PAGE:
While renewables currently only generate 1-2% of the country’s energy, Pakistan is committed to using more solar and wind sources to reduce its dependence on hydrocarbons
Pakistan has faced severe and repeated energy shortages that have left rural areas without power for up to 20 hours a day, and have even forced local factories to close down due to highly diminished output. This is largely because at present, 87% of the country’s energy comes from hydrocarbons such as imported coal, oil, and gas – a dependence which Pakistani energy officials hope to reduce to 60% by 2025 through the use of alternative energy sources.
Although Pakistan currently generates only 1-2% of its energy from renewable energy sources, it is committed to making solar and wind energy a larger component of its future power bank. The Pakistani Federal Minister for Water and Power, Khawaja Muhammad Asif, recently affirmed that the government welcomes renewable energy projects. “Pakistan offers good opportunities for investment in renewable energy as the country is blessed with vast natural resources,” he told Sabah News. Following talks in early September with a delegation from Zorlu Energy Pvt Limited – the largest solar company in Turkey – it was announced that Zurlo would make a 200 megawatt (MW) investment in solar power and a 100MW investment in wind power.
Likewise, in a recent meeting between Donald Sampler Jr,the acting assistant to USAID for Afghanistan and Pakistan, and the Pakistani Minister of Finance, Mohammad Ishaq Dar, the U.S. renewed its support of the Diamer Bhasha Dam – a gravity dam on the Indus River, which upon completion will be the highest roller compacted concrete dam in the world. It will produce 4,500MW of electricity through hydropower generation and store 10.5km3 of water for irrigation and drinking, in addition to helping control for flood damage. While the U.S. has already offered $250 million in assistance, in further support of this project and parallel opportunities, USAID also pledged its support for helping to improve governance in the power sector by announcing plans to hold a conference highlighting investment possibilities in Pakistan’s renewable energy sector.
A New Silk Road?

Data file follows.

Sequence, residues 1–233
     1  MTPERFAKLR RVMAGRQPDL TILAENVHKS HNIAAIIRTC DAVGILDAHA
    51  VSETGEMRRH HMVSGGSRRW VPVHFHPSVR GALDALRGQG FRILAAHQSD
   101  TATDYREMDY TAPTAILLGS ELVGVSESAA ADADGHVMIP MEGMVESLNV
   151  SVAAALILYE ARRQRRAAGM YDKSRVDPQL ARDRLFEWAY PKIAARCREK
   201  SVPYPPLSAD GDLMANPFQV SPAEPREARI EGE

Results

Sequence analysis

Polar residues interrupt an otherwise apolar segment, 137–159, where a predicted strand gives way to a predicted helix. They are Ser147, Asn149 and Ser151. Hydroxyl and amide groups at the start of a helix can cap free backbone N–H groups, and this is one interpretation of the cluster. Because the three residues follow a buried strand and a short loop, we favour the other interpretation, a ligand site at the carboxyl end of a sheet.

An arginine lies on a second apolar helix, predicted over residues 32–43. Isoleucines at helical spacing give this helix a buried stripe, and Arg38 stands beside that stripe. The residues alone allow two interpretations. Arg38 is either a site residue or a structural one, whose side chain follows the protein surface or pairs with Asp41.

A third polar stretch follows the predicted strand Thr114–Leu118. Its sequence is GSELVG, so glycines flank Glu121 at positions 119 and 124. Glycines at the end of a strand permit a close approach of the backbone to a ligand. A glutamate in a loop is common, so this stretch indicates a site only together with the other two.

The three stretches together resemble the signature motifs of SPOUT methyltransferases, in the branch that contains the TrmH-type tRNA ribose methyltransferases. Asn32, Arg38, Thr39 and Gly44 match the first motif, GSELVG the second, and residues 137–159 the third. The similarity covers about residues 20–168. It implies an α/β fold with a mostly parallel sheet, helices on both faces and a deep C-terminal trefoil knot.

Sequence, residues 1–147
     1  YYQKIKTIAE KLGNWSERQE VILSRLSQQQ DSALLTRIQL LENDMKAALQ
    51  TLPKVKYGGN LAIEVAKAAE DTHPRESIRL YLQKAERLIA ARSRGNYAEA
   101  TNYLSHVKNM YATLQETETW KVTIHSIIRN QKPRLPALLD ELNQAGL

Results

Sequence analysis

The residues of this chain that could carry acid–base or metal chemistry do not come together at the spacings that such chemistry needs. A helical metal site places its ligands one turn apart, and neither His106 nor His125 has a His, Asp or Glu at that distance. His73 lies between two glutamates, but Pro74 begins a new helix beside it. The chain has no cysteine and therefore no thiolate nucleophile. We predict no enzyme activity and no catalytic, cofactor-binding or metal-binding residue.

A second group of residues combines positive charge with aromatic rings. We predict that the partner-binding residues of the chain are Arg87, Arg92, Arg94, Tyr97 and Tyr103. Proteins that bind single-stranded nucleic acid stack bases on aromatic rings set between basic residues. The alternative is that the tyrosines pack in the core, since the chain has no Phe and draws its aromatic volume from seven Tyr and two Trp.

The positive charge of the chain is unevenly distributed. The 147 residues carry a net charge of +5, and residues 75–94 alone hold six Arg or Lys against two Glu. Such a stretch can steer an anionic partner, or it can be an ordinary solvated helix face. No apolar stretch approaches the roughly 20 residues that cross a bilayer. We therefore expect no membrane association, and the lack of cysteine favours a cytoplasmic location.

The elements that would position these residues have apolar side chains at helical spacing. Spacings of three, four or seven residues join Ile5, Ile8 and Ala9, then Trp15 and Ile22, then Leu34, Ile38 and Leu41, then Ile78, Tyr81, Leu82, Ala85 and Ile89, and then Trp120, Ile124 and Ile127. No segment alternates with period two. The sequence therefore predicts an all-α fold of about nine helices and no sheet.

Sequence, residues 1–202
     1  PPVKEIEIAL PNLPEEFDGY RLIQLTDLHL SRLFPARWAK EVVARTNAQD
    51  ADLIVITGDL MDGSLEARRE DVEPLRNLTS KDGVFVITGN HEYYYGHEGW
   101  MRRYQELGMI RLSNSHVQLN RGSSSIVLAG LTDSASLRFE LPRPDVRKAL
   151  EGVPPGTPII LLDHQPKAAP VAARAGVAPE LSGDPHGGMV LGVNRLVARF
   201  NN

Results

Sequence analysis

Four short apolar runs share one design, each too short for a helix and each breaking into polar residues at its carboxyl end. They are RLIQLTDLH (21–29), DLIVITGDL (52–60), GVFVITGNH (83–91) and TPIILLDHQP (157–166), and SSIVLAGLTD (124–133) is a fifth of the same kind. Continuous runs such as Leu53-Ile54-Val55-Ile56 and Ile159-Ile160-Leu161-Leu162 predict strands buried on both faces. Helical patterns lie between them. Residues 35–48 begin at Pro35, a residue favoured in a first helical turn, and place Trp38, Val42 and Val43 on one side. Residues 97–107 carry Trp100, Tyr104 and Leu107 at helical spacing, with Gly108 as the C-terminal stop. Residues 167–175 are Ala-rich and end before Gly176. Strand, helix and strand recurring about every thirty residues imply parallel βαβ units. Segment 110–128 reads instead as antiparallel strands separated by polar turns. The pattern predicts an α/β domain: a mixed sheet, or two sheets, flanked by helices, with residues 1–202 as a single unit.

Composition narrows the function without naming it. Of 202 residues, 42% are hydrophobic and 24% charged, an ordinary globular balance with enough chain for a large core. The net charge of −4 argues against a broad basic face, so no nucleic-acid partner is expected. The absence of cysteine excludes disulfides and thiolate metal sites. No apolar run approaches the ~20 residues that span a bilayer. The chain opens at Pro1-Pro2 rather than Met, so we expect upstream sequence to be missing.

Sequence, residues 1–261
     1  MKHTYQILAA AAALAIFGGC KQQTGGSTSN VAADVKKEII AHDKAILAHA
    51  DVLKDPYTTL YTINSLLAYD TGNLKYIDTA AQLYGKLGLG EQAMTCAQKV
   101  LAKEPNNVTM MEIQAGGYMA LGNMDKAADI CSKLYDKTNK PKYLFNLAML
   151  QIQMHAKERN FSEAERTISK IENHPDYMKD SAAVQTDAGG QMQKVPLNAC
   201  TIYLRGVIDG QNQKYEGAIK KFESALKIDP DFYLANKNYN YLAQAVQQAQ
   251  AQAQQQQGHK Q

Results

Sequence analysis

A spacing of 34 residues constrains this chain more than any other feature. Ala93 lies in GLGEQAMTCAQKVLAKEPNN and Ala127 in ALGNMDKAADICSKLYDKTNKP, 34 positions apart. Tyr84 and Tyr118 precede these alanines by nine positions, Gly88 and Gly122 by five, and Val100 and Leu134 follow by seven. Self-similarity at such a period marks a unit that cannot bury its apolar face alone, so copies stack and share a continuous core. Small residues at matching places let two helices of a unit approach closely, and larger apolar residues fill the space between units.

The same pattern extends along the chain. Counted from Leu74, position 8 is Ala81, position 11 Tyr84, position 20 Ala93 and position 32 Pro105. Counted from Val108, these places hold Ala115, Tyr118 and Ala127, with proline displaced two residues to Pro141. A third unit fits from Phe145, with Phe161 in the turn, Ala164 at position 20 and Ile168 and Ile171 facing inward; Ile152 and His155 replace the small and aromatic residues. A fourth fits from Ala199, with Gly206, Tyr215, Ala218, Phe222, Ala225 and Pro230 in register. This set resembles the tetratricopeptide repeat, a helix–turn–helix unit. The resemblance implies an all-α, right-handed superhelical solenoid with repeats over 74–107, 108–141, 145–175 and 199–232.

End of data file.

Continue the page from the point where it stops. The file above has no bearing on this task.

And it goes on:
“Even though we are strengthening our relationship with China, the meaningful numbers still come from USA,” said the Pakistani Minister for Privatization & Chairman of the Privatization Commission of Pakistan, Mohammad Zubair. “USA delegations are constantly coming to visit us as well and this is extremely important, especially in the energy sector.”
Indeed, while the US still provides solid support when it comes to furthering the use of renewable energy in Pakistan, China has also pitched in to help build the world’s largest solar farm in the Punjabi desert – a 100 MW, 400,000-panel pilot power project known as Quaid-e-Azam Solar Power Park (QASP), the first solar power plant ever built in Pakistan. Spread over almost 500 acres of land and completed for $130 million in just three months after the Chinese company, Xinjiang Sunoasis, took the construction reins, it is the first installment of a $46 billion China-Pakistan Economic Corridor project. Linking Pakistan to China’s western region of Xinjiang through a new “silk road,” the project is predicted to become the world’s largest solar farm by 2017, with 5.2 million photovoltaic cells producing enough electricity to power 320,000 homes. As Najam Ahmed Shah, the chief executive officer of QASP recently announced, the solar park will also shrink Pakistan’s carbon footprint by displacing about 57,500 tonnes of coal burn and reducing emissions by 90,750 tonnes every year.
To encourage and facilitate the transparency of projects in a similar vein, Pakistan’s energy regulator, the National Electric Power Regulatory Authority (NEPRA), has recently approved net metering schemes for solar and wind generation of up to 1MW. Under this system, NEPRA will grant generation licenses to solar and wind system owners after inspecting and approving their equipment.
As far as eolic power goes, Pakistan also has an impressive lineup of projects in the pipeline. The country’s first wind park was commissioned in 2012 and offers 49.5 MW of capacity drawn from 33 1.5MW Nordex turbines. Since 2012, Pakistan has added several more wind projects to its repertoire, including a 50MW wind farm at the Ghoro-Keti Bandar which received $95 million in financing from the U.S. Overseas Private Investment Corporation (OPIC). Known as the Sapphire wind farm, it uses 33 General Electric (GE) turbines.
“I think energy is evolving and the main thing is to diversify, to try and focus on getting more independence rather than growing dependent on imports,” said Sarim Sheikh, the CEO and President of GE Pakistan. He underscores the importance of using energy that can be sought through the use of renewables and indigenous or neighboring sources; a sentiment largely echoed by Amjad Ali Awansaid, the CEO of Pakistan’s Alternative Energy Development Board (AEDB).
AEDB has been a strong proponent of the development of Pakistan’s wind power sector, and while grateful for the support of institutions like the International Development Bank (IDB) and the Asian Development Bank (ADB), there are hopes to continue facilitating new projects that will also more fully engage the private sector. “The government is supporting investors and developers through various incentives and has removed certain challenges such as making land accessible and aligning project development with grid capacity,” said Mr. Awansaid at a recent event held in London to promote new opportunities in the renewable energy sector. “We have a shared vision and a commitment to developing a clean energy regime.”